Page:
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Wade, Anderson, Gellner

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Wade, Anderson, Gellner
Wade, Anderson, and Geller are renowned philosophers who have played significant
roles in highlighting the significance of nationalism in modern societies. They have illustrated
the various concepts of nationalism and how they influence the culture. Therefore, the paper
presents a concise analysis of how the different nationalism concepts from Gellner, Anderson,
and Wade help people understand contemporary politics.
First, Gellner highlights that nationalism is a political principle whereby the national and
political unit should be in harmony and agreement. There is a need for congruency between
politics and nationalism as a way of preventing chaos or disunity. Gellner affirms that patriotism
involves political legitimacy, for instance, the boundaries of ethnicity should not conflict with
the political boundaries, and anybody was holding power must be a legitimate national of the
territory (Gellner 111). Nationalists hold the view that individuals who do not belong from the
majority should not be rulers of a political unit. Power holders should be from the majority, and
that minor ethnic boundary must seek legitimate inclusion in the significant territory. Based on
Gellner ideologies, we understand that contemporary politics involves national and political
unity. The modern politics must encompass a national outlook for it to be legally binding and
cohesive across the country. Besides, one would understand those contemporary politics
primarily majors on the majority. For instance, for one to become an American president, he
must have more than a half popularity in the whole country. The concept of majority rule is an
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indication that the contemporary politics entails the majority and minority. The majority have
national outlook, and they will always reign; thus, nationalism promotes political stability in the
modern politics.
Second, Benedict Anderson is a famous philosopher who majored on nationalism, and he
has explored the various concepts of nationalism through his work Imagined Communities.
Anderson posits that patriotism is essential for modern societies since it promotes national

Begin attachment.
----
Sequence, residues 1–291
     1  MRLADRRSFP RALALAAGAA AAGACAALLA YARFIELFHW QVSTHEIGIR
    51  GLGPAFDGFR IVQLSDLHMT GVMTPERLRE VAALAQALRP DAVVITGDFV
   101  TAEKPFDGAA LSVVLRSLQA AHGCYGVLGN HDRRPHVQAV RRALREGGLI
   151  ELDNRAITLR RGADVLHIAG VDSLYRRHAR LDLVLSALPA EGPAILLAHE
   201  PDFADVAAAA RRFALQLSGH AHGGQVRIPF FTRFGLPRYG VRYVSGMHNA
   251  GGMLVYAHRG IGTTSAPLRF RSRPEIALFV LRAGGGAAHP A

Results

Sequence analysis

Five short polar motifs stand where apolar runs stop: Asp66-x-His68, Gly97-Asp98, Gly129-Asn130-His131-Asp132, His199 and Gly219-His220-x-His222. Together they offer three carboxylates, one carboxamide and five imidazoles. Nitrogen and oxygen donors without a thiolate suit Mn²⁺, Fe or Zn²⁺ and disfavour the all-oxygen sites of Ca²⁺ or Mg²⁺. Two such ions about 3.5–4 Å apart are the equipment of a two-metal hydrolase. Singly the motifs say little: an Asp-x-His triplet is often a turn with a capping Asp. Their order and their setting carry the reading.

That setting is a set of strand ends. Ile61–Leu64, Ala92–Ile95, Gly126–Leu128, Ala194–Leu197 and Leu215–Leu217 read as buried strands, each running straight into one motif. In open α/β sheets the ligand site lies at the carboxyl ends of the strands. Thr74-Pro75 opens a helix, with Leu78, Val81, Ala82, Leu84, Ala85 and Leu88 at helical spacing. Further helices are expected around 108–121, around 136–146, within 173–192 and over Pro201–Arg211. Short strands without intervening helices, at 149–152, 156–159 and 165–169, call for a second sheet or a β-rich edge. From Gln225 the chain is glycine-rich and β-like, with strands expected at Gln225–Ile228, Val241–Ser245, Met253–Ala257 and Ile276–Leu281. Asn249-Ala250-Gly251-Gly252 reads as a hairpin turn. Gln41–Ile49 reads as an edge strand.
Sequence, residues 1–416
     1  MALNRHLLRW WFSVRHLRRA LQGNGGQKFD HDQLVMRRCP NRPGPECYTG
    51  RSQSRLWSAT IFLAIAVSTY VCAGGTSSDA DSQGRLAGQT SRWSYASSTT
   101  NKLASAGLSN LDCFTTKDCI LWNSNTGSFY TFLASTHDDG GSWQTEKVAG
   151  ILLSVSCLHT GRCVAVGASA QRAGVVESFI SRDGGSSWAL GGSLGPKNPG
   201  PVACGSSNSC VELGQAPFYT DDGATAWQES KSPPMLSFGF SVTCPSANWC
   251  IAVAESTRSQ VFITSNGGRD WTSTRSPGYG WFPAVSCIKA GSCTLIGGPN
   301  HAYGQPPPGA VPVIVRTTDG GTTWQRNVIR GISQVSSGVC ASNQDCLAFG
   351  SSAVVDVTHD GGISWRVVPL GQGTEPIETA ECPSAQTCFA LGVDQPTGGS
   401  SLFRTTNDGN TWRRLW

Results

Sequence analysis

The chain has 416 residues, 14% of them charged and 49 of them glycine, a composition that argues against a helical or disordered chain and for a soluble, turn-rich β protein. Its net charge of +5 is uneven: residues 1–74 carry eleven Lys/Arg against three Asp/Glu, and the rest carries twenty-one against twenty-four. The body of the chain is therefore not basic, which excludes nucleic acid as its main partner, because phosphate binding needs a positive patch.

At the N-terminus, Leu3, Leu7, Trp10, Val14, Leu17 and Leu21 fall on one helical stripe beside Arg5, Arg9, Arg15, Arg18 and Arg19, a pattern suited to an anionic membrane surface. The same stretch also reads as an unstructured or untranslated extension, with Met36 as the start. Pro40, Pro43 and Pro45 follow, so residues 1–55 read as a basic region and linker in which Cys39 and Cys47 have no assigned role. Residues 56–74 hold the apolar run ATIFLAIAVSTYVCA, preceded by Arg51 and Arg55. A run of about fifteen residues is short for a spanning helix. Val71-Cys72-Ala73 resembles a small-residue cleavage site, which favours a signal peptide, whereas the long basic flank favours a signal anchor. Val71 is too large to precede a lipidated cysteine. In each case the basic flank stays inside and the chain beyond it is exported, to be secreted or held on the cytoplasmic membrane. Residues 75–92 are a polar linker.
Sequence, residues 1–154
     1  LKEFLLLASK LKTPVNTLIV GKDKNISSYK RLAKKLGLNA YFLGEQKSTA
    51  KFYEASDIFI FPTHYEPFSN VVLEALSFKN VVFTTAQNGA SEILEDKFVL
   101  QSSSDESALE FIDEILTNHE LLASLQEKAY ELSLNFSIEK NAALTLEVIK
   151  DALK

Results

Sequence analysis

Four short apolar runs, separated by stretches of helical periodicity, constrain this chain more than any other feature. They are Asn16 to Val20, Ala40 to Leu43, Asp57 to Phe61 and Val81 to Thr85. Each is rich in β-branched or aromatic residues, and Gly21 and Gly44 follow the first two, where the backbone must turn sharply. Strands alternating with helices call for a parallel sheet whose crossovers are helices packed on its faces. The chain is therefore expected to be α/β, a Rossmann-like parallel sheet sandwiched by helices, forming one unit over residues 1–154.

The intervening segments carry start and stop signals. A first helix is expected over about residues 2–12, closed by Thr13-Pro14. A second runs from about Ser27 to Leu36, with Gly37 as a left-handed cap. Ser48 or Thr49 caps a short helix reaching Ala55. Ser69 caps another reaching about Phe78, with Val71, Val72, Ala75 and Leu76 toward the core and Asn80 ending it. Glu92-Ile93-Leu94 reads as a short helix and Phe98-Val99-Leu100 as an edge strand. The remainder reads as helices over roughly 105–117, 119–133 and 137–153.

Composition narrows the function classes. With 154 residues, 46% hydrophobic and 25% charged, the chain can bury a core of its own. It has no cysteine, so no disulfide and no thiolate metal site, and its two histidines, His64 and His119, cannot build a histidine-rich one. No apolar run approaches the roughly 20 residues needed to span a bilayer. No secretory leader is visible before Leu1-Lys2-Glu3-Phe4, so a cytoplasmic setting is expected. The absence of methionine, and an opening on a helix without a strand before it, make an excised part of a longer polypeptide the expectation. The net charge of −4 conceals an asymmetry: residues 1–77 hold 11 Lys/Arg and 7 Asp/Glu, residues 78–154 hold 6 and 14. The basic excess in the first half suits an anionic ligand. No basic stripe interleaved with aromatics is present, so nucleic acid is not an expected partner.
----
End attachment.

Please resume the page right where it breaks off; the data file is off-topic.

growth and development. Nationalism supports togetherness despite people not knowing each
other in person (Anderson 2). Through nationalism, people from different communities can
coexist in the modern society without any wrangle. According to Anderson, a nation is an
imagined community, which means that the members or citizens of a small country do not know
some of their members. People continue to live together, but they cannot do not meet nor hear
from each other. People in the society just have an imagined mind that they are living as a
society yet they do not know each other. Therefore, the concept that nationalism encompasses
imagined community makes us understand that contemporary politics is a matter of ideologies or
policies rather than an individual. For instance, people are elected to political positions based on
their systems notwithstanding whether you know the candidate in person or not. The concept of
imagined community or nation makes people choose leaders that they have not met or heard
physically due to the mindset the society is one.
Finally, Wade holds the view that nationalism promotes patriotism in the society.
Nationalists must put the interest of their country first before everything. The success of modern
societies is dependent on how the people act to protect the prosperity and stability of their
country. There exist various instances of nationalism, for example, Wade postulates that a
nationalist can reduce support to countries that are threats to their success (Wade 80). Nationalist
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can engage in violence with an enemy country, and the politicians or leaders must be ready to
protect its citizens. Wade makes us realize that contemporary politics focuses on protecting the
security of a nation. Any leader who is a nationalist must be ready to safeguard the country’s
interests.
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Work Cited
Anderson, Benedict. Imagined Communities: Reflections on the Origin and Spread of
Nationalism. (2004). Revised Edition.
Gellner, Ernest. Definitions. (2008). Print.
Wade, Lisa. "banal nationalism." Contexts 10.3 (2011): 80-81.

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